What does it take to make a partnership bold, ambitious, and long-term? How can we strengthen global partnerships—the primary aim of Sustainable Development Goal 17—to create transformational change?
The reality is that true partnerships—ones that are balanced in power and influence, long-term, and far-reaching—are rare and hard to build. Many fail, and many others remain narrow and transactional, with one partner becoming more akin to a supplier than a partner.
From Philanthropic Beginnings
The international NGO CARE USA and the global food and agriculture company Cargill have been partnering for more than 50 years—long before any of the authors of this piece began working for our respective organizations. Cargill sponsored its first international food parcels in 1960, and CARE USA did the work of delivering them to hospitals, orphanages, and other locations in some of the poorest regions at the time, inlcuding Iran, Haiti, Greece, Columbia, Korea, and Mexico. The relationship continued along the same philanthropic lines until, in the mid-2000s, former CARE CEO Peter Bell began to ask how the two organizations could better share their capabilities and benefit even more from their relationship, beyond money.
The result was the launch of a focused, strategic partnership in 2008. With an initial 5-year commitment of $10 million from Cargill, the organizations started the Rural Development Initiative to support rural agricultural communities. The commitment was extended in 2013 and 2016, and today the partnership specifically aims to improve food and nutrition security, increase farmer productivity, create greater access to markets, and build local communities’ resilience. The initiative has enabled much progress. For example, farmers in Guatemala, Honduras, and Nicaragua involved in the Nourishing the Future program have increased their household income between 22 and 50 percent. Meanwhile, 2,180 Village Saving and Loans Association members in Ghana have saved more than $112,000 combined, and in India’s Kutch Livelihood and Education Advancement Project, the partnership linking 5,594 milk producers with the formal dairy market has led to a two-fold increase in profit and a 182 percent increase in income. In total, the global partnership has reached 2.2 million people in 10 countries with investments of more than $25 million.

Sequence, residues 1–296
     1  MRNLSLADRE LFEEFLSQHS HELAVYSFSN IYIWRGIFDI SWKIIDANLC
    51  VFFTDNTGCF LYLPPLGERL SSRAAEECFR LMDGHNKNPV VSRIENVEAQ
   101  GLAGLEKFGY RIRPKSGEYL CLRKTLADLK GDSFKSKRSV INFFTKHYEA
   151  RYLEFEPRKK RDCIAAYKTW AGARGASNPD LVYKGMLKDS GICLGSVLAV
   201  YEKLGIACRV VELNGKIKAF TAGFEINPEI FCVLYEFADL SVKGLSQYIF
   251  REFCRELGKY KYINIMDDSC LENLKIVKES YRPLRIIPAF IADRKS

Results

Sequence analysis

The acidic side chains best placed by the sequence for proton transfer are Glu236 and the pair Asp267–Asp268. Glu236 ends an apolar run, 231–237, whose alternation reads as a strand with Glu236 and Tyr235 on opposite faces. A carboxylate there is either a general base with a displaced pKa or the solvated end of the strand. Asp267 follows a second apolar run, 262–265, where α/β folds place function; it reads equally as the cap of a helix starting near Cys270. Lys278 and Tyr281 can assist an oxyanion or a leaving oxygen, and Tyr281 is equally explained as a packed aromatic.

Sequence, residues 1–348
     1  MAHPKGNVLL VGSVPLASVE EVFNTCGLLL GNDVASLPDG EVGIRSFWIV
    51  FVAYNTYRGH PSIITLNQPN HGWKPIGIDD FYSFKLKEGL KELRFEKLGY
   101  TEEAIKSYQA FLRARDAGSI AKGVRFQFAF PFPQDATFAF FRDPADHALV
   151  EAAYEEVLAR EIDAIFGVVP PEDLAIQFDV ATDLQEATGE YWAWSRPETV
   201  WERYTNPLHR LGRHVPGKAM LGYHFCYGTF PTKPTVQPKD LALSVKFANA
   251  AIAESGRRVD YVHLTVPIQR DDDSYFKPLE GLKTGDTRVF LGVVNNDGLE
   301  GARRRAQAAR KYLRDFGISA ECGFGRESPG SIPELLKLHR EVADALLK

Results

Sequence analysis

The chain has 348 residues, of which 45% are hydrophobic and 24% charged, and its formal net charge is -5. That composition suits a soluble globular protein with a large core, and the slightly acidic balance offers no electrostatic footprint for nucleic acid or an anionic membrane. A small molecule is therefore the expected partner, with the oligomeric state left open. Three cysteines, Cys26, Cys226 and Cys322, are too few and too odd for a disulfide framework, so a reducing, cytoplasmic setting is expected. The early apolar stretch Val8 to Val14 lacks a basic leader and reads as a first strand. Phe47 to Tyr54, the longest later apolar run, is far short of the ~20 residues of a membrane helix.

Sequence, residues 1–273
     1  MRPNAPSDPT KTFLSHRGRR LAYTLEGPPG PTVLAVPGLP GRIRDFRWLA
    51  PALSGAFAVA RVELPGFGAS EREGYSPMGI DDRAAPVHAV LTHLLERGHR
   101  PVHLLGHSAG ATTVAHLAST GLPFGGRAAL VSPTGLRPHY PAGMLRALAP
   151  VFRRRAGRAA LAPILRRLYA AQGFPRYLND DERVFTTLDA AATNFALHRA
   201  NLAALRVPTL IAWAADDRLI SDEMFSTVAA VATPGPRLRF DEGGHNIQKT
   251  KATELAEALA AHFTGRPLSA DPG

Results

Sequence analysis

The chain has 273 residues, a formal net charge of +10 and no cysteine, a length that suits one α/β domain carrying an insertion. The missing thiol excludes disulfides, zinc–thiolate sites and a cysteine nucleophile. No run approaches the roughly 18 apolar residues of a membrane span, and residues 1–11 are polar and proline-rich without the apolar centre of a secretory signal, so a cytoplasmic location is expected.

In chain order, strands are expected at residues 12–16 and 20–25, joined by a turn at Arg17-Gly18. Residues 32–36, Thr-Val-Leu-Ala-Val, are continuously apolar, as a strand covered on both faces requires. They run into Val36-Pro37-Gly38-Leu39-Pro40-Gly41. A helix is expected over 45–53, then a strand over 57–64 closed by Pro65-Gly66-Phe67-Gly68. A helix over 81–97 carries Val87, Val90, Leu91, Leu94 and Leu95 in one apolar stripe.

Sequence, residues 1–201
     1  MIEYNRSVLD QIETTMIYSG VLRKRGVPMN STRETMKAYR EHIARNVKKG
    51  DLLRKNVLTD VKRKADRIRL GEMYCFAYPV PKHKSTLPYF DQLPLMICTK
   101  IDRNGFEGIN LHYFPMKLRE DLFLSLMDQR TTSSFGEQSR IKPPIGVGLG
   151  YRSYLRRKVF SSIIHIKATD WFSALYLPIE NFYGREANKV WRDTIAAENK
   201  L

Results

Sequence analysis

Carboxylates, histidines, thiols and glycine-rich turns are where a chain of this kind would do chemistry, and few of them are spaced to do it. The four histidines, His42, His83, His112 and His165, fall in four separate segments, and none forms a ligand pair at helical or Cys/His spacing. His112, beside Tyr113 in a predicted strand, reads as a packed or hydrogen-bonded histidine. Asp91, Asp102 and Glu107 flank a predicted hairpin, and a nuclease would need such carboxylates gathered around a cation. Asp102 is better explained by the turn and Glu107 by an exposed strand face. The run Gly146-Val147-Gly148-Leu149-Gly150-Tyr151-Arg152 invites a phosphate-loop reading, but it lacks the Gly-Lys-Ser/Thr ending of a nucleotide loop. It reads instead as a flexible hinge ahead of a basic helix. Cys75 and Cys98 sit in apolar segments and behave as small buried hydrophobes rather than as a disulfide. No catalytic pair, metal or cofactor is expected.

Learning to Be Transformative